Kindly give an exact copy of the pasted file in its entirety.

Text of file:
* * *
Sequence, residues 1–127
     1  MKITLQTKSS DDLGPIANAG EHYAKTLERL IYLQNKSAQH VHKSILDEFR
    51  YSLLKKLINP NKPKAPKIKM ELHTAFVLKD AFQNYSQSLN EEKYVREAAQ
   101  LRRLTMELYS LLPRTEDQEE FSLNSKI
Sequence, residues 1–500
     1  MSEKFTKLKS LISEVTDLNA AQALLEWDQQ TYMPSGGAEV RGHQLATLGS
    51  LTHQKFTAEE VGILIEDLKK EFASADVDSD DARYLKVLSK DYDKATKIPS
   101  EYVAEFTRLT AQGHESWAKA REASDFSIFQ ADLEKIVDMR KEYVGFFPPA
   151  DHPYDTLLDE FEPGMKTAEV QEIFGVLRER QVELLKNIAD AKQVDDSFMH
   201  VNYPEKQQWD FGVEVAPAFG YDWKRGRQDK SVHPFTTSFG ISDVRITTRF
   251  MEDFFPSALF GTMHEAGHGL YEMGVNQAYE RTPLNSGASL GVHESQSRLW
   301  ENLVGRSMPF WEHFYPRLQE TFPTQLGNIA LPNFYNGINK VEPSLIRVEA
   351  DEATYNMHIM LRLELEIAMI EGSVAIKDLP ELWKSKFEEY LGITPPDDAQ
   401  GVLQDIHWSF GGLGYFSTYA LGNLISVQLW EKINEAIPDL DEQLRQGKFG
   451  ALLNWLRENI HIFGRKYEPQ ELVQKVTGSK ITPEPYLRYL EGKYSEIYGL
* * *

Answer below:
Sequence, residues 1–127
     1  MKITLQTKSS DDLGPIANAG EHYAKTLERL IYLQNKSAQH VHKSILDEFR
    51  YSLLKKLINP NKPKAPKIKM ELHTAFVLKD AFQNYSQSLN EEKYVREAAQ
   101  LRRLTMELYS LLPRTEDQEE FSLNSKI
Sequence, residues 1–500
     1  MSEKFTKLKS LISEVTDLNA AQALLEWDQQ TYMPSGGAEV RGHQLATLGS
    51  LTHQKFTAEE VGILIEDLKK EFASADVDSD DARYLKVLSK DYDKATKIPS
   101  EYVAEFTRLT AQGHESWAKA REASDFSIFQ ADLEKIVDMR KEYVGFFPPA
   151  DHPYDTLLDE FEPGMKTAEV QEIFGVLRER QVELLKNIAD AKQVDDSFMH
   201  VNYPEKQQWD FGVEVAPAFG YDWKRGRQDK SVHPFTTSFG ISDVRITTRF
   251  MEDFFPSALF GTMHEAGHGL YEMGVNQAYE RTPLNSGASL GVHESQSRLW
   301  ENLVGRSMPF WEHFYPRLQE TFPTQLGNIA LPNFYNGINK VEPSLIRVEA
   351  DEATYNMHIM LRLELEIAMI EGSVAIKDLP ELWKSKFEEY LGITPPDDAQ
   401  GVLQDIHWSF GGLGYFSTYA LGNLISVQLW EKINEAIPDL DEQLRQGKFG
   451  ALLNWLRENI HIFGRKYEPQ ELVQKVTGSK ITPEPYLRYL EGKYSEIYGL